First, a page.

Gender-responsive Public Procurement
Contract performance conditions
At the post-tender stage, public bodies must apply the contract performance conditions that they have set out in the tender documents and agreed with the successful bidder. Under Article 70, these may include (inter alia) social or employment-related considerations.
Recital 98 of Directive 2014/24/EU states that:
Contract performance conditions might … be intended to favour the implementation of measures for the promotion of equality of women and men at work, the increased participation of women in the labour market and the reconciliation of work and private life …
Contract performance conditions can be a key entry point for GRPP. For example, clauses may relate to recruitment, promotion, equal pay, training or gender mainstreaming in the delivery of supplies/services. In addition to basic compliance with legislation, contract clauses may require gender actions that are specific to the contract.
However, the requirement for a link to the subject matter means that contract performance conditions cannot be used to enforce general corporate requirements on the contractor that go beyond the activities under the contract. For example, it is not possible to require contractors to train all of their staff on gender issues; instead, this requirement could apply only to those directly involved in the delivery of the contract. In some cases, GRPP clauses may be seen as adding costs/complexity to a contract, and it may be difficult for public bodies to actively monitor and enforce clauses. To avoid this, contract performance clauses related to GRPP should be introduced as early as possible in the tender procedure, ideally during pre-procurement market engagement.
It should be noted that the financial regulation provides for the use of model contracts, which may limit the ability to introduce contract performance clauses linked to GRPP.
Examples of measures to promote gender equality by the means of contract performance clauses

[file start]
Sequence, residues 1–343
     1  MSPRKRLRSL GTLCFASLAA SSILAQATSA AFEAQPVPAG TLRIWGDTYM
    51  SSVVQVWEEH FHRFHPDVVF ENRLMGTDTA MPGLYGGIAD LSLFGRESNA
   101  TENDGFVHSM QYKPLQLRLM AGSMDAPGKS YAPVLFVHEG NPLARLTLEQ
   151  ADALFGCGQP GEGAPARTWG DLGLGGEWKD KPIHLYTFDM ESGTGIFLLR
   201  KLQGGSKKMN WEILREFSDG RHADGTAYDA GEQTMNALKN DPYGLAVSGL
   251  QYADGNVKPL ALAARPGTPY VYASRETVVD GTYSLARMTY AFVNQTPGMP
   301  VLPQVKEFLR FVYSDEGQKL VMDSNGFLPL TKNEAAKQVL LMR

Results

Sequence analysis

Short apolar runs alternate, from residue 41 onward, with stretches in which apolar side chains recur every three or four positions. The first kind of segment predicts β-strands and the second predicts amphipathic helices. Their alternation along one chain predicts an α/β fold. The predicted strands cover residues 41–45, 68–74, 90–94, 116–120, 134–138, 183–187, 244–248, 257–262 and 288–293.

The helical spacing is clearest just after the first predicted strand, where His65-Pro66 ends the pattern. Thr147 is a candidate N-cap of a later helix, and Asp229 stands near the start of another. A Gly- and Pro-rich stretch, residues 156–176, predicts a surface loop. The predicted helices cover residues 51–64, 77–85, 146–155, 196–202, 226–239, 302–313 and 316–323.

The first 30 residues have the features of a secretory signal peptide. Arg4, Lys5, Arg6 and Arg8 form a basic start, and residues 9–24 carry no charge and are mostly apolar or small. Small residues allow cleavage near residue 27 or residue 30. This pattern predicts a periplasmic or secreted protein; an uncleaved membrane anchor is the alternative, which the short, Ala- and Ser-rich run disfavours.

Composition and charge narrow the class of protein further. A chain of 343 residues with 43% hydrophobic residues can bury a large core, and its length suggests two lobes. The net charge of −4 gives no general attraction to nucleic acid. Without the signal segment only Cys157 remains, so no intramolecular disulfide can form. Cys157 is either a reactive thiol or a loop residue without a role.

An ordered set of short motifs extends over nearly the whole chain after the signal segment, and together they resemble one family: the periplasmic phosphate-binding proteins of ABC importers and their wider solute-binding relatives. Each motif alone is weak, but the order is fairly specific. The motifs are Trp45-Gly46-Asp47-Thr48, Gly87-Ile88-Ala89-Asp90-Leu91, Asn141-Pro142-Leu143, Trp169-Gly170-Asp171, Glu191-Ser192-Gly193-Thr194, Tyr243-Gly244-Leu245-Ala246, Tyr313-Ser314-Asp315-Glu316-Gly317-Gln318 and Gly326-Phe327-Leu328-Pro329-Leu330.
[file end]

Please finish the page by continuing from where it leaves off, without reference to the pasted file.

In Austria, the city of Vienna requires bidders to select activities from a catalogue of measures that they will implement during the performance of the contract. The measures are grouped into the following categories: (1) the promotion of women through recruitment and career advancement, (2) the promotion of women through qualifications, (3) the improvement of work–life balance and (4) structural actions. This measure applies to service contracts with a value over EUR 50 000, to bidders with more than 20 employees and when contracts run for at least 6 months. Failure to implement the agreed measures would result in a financial penalty under the contract.
In Poland, the statistics agency applies contract performance conditions requiring compliance with the ILO core conventions throughout the supply chain when the agency purchases software. This aims to ensure equal remuneration and non-discrimination based on sex, among other considerations. The contractor is obliged to ensure that all subcontractors and suppliers engaged in the implementation of the contract observe the core labour standards.
Example of tool: Bidder declaration on the implementation of work–life balance activities during the performance of a contract
In Germany, the state of Berlin has developed a self-declaration checklist of activities for potential bidders covering the advancement of women and/or the promotion of work–life balance. Companies with more than 10 employees are obliged under a contract performance condition to implement the activities in the self-declaration checklist; the number (0–3) of activities that needs to be undertaken depends on the number of employees. This approach is well established in the state of Berlin and is now applied to thousands of its contracts every year.
Bidders choose from 21 different activities to be implemented during the performance of a contract. These range from ‘Providing appropriate support and flexibility in the workplace for employees who have parenting and caring responsibilities’ to ‘Offering internships for girls and young women, especially in professions where women are under-represented’. Bidders must also confirm in writing that they will pass on the responsibility for these activities to any subcontractors.
Other contracting authorities could draw inspiration from this tool example, requiring their bidders to implement activities to foster work–life balance and the advancement of women in the workplace during the performance of a contract.
How to act
Use the checklist (Tool 12) to develop and apply GRPP contract performance conditions that are appropriate to each specific contract.
Review and compare the progress made in implementing GRPP using different types of conditions (e.g. targets, incentives and penalties) to decide which strategy to focus on.
Mistakes to avoid
Contract performance conditions should always be appropriate for the specific contract. Therefore, avoid relying on generic or standard GRPP terms without considering their relevance.
Avoid assuming that all bidders will understand concepts/terminology relating to gender equality, gender mainstreaming, etc. Provide definitions and examples wherever possible.
GRPP conditions should include a clear allocation of responsibility for implementation, monitoring and reporting, as well as consequences for non-compliance. Avoid adding conditions without clear responsibility being attributed for these aspects.